Financial Statements Essay

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Financial Statements
Claudia Michel
December 12, 2013
Mark Graves
Financial Statements
There are four basic financial statements. These are income statement, balance sheet, retained earnings statement, and statement of cash flows. A company uses financial statements to make information available about the business to internal and external users such as managers and creditors. Additionally managers and creditors use information on the statements to make important decisions such as making big purchases and lending money to a business.
Income Statement
This statement reports the net income or net loss of a company for a period of time. In the income statement, revenues are listed first, followed by its expenses. Revenues list the amount of money brought in from sales of products and services. Expenses list items that relate to money spent to produce the sales and services such as salaries expense, supplies expense, insurance expense, interest expense, and depreciation expense. The difference between revenues and expenses will determine how well the company did over the period determined at the top of the income statement.
The income statement is useful to managers in determining the amount of the workforce and supplies he or she needs to use, based on past income statements to reach a certain amount of revenue. Lending institutions may also find the information listed in the income statement useful when making a decision to lend money (Rosehill, 2013).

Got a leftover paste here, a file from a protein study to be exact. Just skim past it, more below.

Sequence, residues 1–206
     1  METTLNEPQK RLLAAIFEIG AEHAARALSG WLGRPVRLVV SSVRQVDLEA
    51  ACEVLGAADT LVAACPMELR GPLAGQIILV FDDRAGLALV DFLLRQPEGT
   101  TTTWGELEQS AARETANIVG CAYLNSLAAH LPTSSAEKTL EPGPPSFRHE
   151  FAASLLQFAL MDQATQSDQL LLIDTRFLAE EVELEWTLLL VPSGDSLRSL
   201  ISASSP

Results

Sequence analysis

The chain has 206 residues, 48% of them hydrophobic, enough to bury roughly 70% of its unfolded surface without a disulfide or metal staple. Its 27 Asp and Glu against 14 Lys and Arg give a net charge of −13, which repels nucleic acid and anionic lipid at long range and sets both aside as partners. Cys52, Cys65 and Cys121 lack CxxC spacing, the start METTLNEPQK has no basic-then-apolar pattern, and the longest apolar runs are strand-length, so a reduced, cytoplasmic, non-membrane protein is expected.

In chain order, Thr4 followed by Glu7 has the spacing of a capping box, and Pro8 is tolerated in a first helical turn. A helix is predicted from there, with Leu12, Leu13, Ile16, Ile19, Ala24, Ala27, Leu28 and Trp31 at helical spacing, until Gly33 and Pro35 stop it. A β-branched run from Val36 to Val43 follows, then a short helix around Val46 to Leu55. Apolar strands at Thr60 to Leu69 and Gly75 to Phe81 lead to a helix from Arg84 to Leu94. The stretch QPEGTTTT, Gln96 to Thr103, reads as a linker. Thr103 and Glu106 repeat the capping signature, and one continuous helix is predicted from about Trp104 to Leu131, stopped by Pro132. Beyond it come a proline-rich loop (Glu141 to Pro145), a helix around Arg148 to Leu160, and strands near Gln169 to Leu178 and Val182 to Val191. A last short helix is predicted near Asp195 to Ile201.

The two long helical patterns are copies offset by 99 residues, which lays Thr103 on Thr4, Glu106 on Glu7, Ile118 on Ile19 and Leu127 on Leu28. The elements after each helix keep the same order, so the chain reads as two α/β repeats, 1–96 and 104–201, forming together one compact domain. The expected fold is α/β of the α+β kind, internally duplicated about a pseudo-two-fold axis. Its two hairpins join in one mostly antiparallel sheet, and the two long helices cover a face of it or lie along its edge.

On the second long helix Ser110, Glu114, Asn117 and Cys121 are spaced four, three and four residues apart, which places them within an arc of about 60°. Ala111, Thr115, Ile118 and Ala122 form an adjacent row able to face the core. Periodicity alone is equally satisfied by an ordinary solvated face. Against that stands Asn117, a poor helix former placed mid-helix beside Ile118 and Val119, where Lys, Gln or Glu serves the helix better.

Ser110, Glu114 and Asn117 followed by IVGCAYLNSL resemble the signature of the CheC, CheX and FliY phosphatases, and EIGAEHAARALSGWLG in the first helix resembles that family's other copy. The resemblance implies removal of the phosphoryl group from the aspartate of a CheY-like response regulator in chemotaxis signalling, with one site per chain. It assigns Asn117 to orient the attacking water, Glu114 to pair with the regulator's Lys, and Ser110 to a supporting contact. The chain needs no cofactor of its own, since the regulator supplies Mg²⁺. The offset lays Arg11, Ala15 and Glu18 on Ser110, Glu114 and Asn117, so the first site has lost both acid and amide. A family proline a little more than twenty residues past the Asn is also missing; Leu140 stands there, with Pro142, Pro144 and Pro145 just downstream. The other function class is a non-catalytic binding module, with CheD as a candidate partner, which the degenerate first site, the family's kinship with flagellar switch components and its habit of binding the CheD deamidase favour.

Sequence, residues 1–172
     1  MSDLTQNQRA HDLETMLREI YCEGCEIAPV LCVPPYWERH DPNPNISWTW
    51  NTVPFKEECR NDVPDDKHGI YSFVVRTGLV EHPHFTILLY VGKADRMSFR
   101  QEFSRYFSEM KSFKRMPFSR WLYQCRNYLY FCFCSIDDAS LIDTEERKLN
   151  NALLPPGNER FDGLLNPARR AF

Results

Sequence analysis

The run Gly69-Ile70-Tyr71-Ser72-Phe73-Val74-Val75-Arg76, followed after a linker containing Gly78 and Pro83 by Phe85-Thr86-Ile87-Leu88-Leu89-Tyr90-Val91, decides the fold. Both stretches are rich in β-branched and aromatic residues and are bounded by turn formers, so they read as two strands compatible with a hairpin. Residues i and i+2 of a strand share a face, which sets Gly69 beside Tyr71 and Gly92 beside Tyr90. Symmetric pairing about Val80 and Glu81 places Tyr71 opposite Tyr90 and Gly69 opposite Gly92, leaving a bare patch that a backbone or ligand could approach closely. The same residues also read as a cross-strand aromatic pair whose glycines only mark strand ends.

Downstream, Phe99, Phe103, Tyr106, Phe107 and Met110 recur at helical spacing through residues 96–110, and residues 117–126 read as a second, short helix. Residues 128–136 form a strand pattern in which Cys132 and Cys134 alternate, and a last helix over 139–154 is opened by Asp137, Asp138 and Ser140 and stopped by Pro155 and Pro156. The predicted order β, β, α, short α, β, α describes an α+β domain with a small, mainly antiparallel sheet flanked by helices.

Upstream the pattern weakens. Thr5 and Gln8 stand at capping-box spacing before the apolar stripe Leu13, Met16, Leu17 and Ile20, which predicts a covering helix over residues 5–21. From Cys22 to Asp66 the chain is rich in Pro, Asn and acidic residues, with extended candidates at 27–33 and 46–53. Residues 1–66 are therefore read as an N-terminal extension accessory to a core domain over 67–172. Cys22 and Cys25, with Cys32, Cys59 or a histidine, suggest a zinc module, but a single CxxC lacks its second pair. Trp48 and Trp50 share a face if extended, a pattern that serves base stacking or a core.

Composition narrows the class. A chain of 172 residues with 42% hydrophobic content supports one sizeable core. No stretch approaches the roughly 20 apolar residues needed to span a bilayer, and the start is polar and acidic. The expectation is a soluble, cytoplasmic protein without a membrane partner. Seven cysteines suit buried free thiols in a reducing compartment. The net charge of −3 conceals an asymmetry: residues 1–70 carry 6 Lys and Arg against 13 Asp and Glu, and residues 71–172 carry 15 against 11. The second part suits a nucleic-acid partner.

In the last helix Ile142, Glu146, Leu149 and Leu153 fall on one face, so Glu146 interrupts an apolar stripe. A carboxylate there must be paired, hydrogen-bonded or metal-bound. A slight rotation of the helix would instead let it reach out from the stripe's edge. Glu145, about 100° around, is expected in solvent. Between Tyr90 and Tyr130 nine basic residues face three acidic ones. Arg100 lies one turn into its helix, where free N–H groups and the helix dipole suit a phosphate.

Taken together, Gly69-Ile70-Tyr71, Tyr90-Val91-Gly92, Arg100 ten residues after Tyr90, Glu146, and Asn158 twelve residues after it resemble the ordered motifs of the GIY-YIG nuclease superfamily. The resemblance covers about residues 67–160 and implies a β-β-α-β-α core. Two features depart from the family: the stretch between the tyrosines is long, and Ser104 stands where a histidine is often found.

Retained Earnings Statements
The retained earnings statement shows the amount of income earned after dividends are paid. The first line of the statement is the beginning retained earnings, then the company adds the net income and subtracts the dividends to determine the retained earnings for the same period used in the income statement. This statement is most useful to external users of the company. Investors use this statement to monitor a company’s dividend payment practices ((Kimmel, Weygandt, & Kieso, Chapter 1, 2009).
Balance Sheet The balance sheet reports detailed information of a company’s assets, liabilities, and stockholders’ equity. It shows a snapshot of the company’s financial position as of a specific date ((Kimmel, Weygandt, & Kieso, Chapter 1, 2009). A company’s assets equals to the sum of its liabilities and stockholders’ equity. Assets are listed at the top of the statement. Items that a company lists under assets include cash, accounts receivable, prepaid insurance, and office equipment. Liabilities and Stockholders’ equity are listed next. According to “U.S. Securities and Exchange Commission” (2007), “Liabilities are amounts of money a company owes to others” (Balance Sheets). These may include obligations such as money owed to a bank, rent, and payroll. Stockholders’ equity consist of common stock and retained earnings.
Managers find this statement useful when determining if cash on hand is enough for immediate cash needs. By looking at a company’s balance sheet, creditors can determine the likelihood that they will get paid.
Statement of Cash Flows
The statement of cash flows answers important questions about the origin of cash, how it was used, and the change in cash balance during a period of time chosen by the company. Managers may use information on this statement to determine if the company generates enough cash from operating activities to purchase assets and pay its expenses.